Communist Youth League of China

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Communist Youth League of China
SecretaryHe Junke[1]
  • 1920; 101 years ago (1920) (foundation)
  • 5 May 1922; 99 years ago (1922-05-05) (official)
HeadquartersNo. 10, Qianmen Dongdajie, Beijing
MembershipIncrease 81,246,000
Mother partyChinese Communist Party
International affiliation
NewspaperChina Youth Daily

The Communist Youth League of China (CYLC), also known as the Young Communist League of China or simply the Communist Youth League (CYL), is a youth movement of the People's Republic of China for youth between the ages of 14 and 28, run by the Chinese Communist Party (CCP). The league is organized on the party pattern.[2] Its leader is its First Secretary, who is an alternate member of the Central Committee of the CCP. The incumbent First Secretary is He Junke, appointed on June 2018 . The Communist Youth League is also responsible for guiding the activities of the Young Pioneers (for children below the age of 14).[3]


Communist Youth League of China
Simplified Chinese中国共产主义青年团
Traditional Chinese中國共產主義青年團
Literal meaningCommunist Youth League of China
Simplified Chinese共青团
Traditional Chinese共青團
Literal meaningCommunist Youth League
Original name
Simplified Chinese中国社会主义青年团
Traditional Chinese中國社會主義青年團
Literal meaningSocialist Youth League of China
Wartime name
Simplified Chinese中国新民主主义青年团
Traditional Chinese中國新民主主義青年團
Literal meaningChina New Democracy Youth League

Founded in May 1920, it was originally named as the Socialist Youth League of China. Whilst the Party was officially established in July 1921, the Chinese Socialist Youth League was organized with the Party being set up throughout the country. In May 1922, the 1st National Congress (simplified Chinese: 全国代表大会; traditional Chinese: 全國代表大會; pinyin: Quánguó Dàibiǎo Dàhuì) of the League was held under the leadership of the Party, and therefore became a unified organization in China. In the 3rd National Congress in January 1925, the Chinese Socialist Youth League was renamed as the Chinese Communist Youth League. After the Sino-Japanese War, in order to adapt to the new social and political situation, it was officially renamed as the Chinese New Democracy Youth League in April 1949.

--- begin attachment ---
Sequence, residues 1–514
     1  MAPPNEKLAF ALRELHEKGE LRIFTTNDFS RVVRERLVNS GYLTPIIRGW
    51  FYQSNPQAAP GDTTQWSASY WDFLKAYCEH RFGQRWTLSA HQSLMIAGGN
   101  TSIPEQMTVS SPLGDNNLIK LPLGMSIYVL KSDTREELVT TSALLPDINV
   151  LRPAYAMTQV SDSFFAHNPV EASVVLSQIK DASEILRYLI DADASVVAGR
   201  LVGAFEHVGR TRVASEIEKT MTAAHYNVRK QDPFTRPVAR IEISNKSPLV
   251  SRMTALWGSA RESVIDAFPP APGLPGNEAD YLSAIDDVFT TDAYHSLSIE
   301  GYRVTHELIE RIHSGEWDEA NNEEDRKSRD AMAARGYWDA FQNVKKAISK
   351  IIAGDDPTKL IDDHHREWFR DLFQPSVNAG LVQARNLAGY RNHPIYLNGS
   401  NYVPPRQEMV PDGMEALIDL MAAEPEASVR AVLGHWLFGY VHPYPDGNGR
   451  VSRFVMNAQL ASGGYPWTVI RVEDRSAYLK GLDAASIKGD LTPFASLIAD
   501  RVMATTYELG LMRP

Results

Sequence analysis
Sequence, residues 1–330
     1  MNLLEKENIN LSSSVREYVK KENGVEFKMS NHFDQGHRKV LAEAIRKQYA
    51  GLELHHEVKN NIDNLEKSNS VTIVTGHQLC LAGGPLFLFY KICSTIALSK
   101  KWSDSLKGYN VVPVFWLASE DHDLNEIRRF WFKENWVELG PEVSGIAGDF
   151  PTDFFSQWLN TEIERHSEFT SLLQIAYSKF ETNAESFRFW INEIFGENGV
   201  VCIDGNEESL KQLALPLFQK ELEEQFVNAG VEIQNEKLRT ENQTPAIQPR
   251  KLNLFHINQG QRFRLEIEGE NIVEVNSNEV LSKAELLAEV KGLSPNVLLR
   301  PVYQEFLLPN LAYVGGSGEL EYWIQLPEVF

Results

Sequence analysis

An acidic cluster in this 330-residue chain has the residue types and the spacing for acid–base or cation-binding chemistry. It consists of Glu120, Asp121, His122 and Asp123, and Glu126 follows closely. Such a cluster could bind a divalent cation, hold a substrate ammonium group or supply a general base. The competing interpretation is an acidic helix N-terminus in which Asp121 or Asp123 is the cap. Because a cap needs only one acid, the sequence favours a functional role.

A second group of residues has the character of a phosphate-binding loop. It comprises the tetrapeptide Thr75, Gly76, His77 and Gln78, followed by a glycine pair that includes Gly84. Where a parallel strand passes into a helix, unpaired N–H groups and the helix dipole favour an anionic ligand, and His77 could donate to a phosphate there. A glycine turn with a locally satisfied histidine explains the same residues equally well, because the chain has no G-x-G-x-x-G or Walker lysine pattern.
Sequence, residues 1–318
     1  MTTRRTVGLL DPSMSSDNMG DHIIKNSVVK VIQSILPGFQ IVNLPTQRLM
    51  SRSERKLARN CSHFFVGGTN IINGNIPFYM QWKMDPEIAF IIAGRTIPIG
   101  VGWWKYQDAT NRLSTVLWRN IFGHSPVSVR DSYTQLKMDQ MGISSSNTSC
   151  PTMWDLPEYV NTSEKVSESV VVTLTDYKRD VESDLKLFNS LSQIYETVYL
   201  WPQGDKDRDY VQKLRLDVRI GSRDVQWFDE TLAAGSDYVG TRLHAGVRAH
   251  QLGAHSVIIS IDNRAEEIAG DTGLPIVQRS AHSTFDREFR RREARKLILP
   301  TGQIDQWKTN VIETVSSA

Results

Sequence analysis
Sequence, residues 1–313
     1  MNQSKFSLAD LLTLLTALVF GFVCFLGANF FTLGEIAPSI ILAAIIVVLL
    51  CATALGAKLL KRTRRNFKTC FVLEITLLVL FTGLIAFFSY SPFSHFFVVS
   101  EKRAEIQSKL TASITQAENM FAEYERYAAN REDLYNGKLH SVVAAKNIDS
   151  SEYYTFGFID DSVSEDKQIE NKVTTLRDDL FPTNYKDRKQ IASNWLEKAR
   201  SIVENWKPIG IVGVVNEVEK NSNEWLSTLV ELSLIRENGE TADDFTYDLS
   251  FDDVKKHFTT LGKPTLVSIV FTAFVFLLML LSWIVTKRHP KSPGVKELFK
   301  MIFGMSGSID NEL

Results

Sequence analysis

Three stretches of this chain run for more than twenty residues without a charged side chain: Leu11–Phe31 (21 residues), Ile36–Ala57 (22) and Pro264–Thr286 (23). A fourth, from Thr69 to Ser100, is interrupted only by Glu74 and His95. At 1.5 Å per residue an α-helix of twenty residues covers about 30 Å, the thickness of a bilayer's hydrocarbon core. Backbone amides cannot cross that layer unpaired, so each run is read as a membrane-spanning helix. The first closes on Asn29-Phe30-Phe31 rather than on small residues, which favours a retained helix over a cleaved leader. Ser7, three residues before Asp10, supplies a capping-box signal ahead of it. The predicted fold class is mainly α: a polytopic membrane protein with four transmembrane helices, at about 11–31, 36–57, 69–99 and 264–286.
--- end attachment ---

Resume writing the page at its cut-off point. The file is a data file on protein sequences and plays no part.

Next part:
Later in May 1957, its name as the Chinese Communist Youth League was resumed, historically combining the congresses of all three leagues (the Chinese Socialist Youth League, the Chinese Communist Youth League as well as the Chinese New Democracy Youth League). During the 10 years of the Cultural Revolution, the functioning of the League was blocked and the Central Committee was disbanded as it was accused of revisionism; its functions were partly resumed in the early 1970s. From 1978 to 2008, six congresses were held.

The Communist Youth League has contributed a number of top echelon leaders of the CCP-led government of the People's Republic of China. The proliferation of leaders with a Youth League background has led to the informal name "Tuanpai" (abbreviation for "Youth League faction") being used to describe certain members of the leadership at different times. The first "Youth League faction" was represented by Hu Yaobang (party chairman 1981-1982, party general secretary 1982-1987 following the abolition of the chairman position). The second "Youth League faction" is represented by Hu Jintao (General secretary 2002-2012, President 2003-2013). While there is no direct political lineage between the two Hus, Hu Jintao's administration has formally elevated the memory of the earlier Hu. In 2005, the 90th anniversary of Hu Yaobang's birth, a new museum and a series of commemorative books and television programs were launched. The scandalous death of the son of Ling Jihua and Gu Liping, a couple associated with the Communist Youth League, may have tarnished the reputation of the organization as a path to power.[4]

Current General Secretary Xi Jinping has sought to reduce the prominence of the CCP's youth wing, stating that "All they [cadres] can do is just repeat the same old bureaucratic, stereotypical talk".[5][6] Political commentators have noted that the diminishing of the Communist Youth League faction curtailed the influence of former paramount leader Hu Jintao, solidifying Xi's own political faction.[6] Xi effectively closed the Central School of China Communist Youth League, folding it into the Chinese Academy of Social Sciences.[6] He also demoted the league's chief and imprisoned one of its top officials.[7]


In 1987, the first anthem of CYLC was composed.

  • "Glorious! Communist Youth League of China"
  • 光荣啊!中国共青团
Simplified Chinese


English lyrics

光荣啊(Guāngróng a,)中国(zhōngguó)共青团(gòngqīngtuán,)
光荣啊(Guāngróng a,)中国(zhōngguó)共青团(gòngqīngtuán.)

We are the flowers of May,
Who embrace the age of youth;
We are the rising sun,